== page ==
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Monday, May 16, 2016

DIY: A Kid-Created Paint Splattery 1950's Circle Skirt

Do you know anyone who suffers from the And-Ands? Unclear as to what this ailment entails? Lemme paint a picture for you. Those suffering from the And-Ands might find themselves in a situation such as this:

"I'm going to have all the kids create clay food sculptures for the art show. AND we're going to have a 1950's diner theme to showcase their work. AND I'm gonna get them all soda jerk hats. AND I'm going to encourage them to get all 1950's-ized for the art show. AND I'm gonna make an outfit for the occasion. AND I'M GONNA HAVE THEM SPLATTER PAINT THE FABRIC BEFOREHAND." 

Symptoms may include: waking up in the middle of the night with another AND; interrupting conversations by shouting, "Oh! I have another idea!" and running away abruptly only to return with a wad of Christmas lights (deets to come); constant lip biting and talking to oneself. Sometimes in tongues. 

When to see a doctor: When you look like this...

So, yeah. I got the And-Ands. I think this time of year does it to many of us art teacherin' types. We just have so much more we wanna do and have so little time to do it in. Not that I want more time, I'm beyond ready for summer, y'all. That was just a silly figure of speech. 
My case of the And-Ands spiraled completely outta control when I was in JoAnn's a couple weekends ago stocking up on the ushe: puffy paint and glitter. I happened by the pattern department and decided to plop down and flip thru their books. I spied a 1950's poodle skirt costume and was all EUREKA! I need to make one of those! It was then I remembered the drop clothes I had purchased from Walmart EXACTLY a year ago. This lead me to the idea of having the kids do this outside my art room door...
Just after my trip to JoAnn's, I hit Home Depot in Franklin. I'm telling you the exact location because this is seriously The Best Home Depot there is. I met a very kind gentleman named Dave who not only helped me pick and mix the colors of paint I wanted but, after I explained the project to him, he also generously gave me a discount. As a teacher, I don't often ask for any sort of discount (duh, gonna start now!). I loved that Dave, Miss Mary and QT were excited to help a crazy art teacher out. BIG shout out to them, they have a customer for life!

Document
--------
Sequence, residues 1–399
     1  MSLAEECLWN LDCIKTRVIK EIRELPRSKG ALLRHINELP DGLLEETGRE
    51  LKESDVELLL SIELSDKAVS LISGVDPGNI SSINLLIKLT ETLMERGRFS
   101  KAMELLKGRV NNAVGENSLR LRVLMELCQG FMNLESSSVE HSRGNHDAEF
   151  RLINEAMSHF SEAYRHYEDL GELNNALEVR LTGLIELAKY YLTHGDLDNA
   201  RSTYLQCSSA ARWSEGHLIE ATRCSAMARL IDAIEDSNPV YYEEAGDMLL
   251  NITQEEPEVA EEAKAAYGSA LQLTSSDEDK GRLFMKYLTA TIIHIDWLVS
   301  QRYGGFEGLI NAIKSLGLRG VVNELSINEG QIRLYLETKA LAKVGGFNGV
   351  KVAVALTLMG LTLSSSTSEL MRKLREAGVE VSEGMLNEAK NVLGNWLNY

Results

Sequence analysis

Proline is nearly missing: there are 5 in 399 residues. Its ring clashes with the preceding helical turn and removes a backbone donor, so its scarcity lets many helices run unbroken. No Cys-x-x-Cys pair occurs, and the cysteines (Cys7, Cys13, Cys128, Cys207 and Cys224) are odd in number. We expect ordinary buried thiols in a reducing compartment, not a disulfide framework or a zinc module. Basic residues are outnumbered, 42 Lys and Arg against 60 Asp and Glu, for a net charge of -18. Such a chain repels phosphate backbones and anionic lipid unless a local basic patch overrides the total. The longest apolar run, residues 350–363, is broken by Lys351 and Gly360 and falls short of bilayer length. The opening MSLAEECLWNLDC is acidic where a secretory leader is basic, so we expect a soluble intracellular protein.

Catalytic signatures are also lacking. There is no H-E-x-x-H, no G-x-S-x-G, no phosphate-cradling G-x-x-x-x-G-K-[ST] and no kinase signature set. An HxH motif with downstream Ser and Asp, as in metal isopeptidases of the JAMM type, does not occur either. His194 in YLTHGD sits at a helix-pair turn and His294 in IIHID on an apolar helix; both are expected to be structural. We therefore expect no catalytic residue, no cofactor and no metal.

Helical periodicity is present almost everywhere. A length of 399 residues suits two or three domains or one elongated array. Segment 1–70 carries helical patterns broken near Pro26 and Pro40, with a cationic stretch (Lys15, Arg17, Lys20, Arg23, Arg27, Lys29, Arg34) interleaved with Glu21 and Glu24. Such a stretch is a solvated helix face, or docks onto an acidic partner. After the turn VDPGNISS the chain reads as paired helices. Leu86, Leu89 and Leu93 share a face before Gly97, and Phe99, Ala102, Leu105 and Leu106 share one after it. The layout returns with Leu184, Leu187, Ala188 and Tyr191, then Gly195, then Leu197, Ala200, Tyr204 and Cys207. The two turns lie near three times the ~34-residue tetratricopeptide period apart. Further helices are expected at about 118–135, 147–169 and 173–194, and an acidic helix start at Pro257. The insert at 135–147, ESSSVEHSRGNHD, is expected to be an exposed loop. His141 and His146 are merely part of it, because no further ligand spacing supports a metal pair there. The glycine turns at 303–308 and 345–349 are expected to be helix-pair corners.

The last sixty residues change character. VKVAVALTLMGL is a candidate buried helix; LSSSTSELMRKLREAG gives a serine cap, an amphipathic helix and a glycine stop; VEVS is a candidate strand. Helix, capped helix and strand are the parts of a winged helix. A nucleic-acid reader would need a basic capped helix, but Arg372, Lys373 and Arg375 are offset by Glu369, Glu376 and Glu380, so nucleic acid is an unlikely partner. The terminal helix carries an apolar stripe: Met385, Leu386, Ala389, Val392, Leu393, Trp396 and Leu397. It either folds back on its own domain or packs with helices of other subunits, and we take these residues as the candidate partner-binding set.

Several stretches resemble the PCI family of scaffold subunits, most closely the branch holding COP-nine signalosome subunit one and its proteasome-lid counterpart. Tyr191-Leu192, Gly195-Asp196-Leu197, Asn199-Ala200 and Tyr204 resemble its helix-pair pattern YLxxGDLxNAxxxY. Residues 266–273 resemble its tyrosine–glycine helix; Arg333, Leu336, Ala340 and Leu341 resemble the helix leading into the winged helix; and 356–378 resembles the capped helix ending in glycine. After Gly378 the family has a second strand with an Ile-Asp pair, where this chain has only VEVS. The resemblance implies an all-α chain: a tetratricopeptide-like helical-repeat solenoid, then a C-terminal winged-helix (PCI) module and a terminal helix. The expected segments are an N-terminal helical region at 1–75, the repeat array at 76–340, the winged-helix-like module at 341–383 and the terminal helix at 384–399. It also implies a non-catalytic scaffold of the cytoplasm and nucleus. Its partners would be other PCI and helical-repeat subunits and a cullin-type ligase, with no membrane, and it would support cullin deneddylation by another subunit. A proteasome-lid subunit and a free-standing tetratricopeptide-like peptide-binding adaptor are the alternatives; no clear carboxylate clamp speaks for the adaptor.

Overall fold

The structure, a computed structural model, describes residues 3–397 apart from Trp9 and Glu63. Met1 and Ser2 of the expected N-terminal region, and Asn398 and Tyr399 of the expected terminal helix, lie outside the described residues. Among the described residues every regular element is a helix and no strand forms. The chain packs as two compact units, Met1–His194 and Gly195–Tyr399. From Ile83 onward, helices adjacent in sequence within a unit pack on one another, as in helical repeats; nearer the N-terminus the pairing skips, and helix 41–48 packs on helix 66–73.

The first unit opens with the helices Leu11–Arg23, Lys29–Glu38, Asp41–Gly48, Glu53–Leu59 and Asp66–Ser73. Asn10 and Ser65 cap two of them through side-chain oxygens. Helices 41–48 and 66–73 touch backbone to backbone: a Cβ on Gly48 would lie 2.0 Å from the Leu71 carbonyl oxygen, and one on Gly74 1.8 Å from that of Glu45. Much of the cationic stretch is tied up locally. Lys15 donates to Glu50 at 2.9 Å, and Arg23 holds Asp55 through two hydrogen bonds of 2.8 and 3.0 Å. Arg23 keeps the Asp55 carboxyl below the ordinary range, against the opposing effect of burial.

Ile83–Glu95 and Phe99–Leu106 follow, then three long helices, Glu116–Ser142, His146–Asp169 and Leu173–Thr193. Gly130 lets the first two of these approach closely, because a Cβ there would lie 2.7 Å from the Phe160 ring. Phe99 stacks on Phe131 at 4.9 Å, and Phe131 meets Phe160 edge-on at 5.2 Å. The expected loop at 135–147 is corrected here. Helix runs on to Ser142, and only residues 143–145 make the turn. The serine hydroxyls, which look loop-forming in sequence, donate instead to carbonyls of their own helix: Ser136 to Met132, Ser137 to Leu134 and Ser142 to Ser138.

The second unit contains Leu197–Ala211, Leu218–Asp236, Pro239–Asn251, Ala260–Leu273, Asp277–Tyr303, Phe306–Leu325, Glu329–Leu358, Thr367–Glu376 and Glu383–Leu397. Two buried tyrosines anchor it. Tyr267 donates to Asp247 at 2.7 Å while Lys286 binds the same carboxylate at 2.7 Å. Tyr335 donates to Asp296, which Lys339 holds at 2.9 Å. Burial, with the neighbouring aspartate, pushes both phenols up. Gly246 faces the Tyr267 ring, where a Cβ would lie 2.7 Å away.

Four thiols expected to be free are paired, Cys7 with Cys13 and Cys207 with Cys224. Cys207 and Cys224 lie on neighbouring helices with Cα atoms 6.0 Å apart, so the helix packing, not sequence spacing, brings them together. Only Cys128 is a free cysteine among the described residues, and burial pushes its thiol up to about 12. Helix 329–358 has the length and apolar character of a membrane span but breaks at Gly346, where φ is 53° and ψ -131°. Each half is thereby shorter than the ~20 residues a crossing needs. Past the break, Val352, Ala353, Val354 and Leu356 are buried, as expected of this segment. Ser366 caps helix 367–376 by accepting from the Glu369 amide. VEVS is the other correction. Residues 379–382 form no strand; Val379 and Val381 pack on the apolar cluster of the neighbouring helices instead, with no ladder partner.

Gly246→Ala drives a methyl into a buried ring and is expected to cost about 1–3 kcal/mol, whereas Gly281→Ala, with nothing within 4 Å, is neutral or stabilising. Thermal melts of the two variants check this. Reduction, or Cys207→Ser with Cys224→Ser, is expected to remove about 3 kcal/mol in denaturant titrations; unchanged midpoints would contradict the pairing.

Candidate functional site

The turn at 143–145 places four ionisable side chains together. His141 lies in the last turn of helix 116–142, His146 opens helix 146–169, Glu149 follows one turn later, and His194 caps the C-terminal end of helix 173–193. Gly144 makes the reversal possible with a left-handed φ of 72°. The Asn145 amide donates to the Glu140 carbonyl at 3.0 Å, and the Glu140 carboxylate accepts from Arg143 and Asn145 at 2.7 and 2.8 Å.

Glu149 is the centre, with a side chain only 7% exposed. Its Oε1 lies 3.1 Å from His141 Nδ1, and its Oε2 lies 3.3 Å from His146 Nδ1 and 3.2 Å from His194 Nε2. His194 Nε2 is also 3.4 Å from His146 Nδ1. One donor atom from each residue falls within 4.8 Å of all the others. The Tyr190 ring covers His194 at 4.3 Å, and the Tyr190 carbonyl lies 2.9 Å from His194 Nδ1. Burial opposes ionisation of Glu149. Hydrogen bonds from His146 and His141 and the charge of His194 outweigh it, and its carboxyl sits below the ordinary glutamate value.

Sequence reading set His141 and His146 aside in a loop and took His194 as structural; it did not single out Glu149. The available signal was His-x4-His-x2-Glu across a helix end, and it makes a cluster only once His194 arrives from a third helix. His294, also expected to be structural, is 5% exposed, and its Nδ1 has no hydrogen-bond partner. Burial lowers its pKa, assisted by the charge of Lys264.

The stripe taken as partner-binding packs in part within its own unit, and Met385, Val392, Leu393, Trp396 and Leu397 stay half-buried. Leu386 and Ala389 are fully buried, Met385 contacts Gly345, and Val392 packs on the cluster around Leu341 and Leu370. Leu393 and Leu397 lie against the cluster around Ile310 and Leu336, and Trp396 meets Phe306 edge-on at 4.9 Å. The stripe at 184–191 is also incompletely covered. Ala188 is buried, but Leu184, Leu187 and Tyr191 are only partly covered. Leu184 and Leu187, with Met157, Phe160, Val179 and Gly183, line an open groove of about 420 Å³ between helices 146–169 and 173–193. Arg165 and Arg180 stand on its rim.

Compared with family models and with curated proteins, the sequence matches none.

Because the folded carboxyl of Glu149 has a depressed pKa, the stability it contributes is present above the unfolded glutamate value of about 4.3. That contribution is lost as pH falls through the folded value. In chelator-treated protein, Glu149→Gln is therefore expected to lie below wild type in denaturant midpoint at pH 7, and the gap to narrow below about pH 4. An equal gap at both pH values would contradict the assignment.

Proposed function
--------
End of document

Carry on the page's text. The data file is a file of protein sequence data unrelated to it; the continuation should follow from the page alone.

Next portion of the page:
Word to the Wise: If you are gonna do splatter painting with non-washable paint and children, have them suit up in aprons and go barefoot. Even that won't keep them clean but it will help just a pinch.
Once I got the fabric home, I threw it down in our living room just to start planning my next course of action. Of course, Inspector Asha had to take a walking tour of the fabric. 
Busted, kitten!
I wanted to use as much of the fabric as possible to really showcase the kid's splattering. For that reason, I settled on my vintage Simplicity 4884 that I picked up from Etsy a while back. I used it to stitch this shower curtain into a skirt last summer. 
Are you gettin' just how BIG this piece of fabric is? A circle skirt requires a lotta fabric but, like, not this much. Which can only mean one thing: I get to stitch more stuff out of it! I'm thinking a handbag and a tote and a jacket AND, AND, AND...(oh my goodness, it's starting again!)
For now, the only extra thing I did make was a hair bow. 
For fear that I'd be busting sewing needles right and left, I did invest in a couple industrial strength needles. I only had a few times when my sewing machine sounded like it wanted to die. So, really, no more than normal. 
Did I mention that I also have the And-Ands when it comes to shopping? Um, yeah. It's bad. "I'm gonna need saddle shoes and poodle socks and a new crinoline and pink cat eye glasses..." 
The temp has dropped a pinch here in Tennessee (just heard from a buddy that is SNOWED in Michigan this weekend. It's May, Michigan. Get with the freakin' program). So I just might have to wear my snazzy Gap Kids jacket to complete my ensemb.
Which, by the way, wasn't spluttery painted enough for I added some more drips and drops. 
AND there you have it! I'm so looking forward to sharing the art show with y'all...and kicking this case of the And-Ands until next art show time!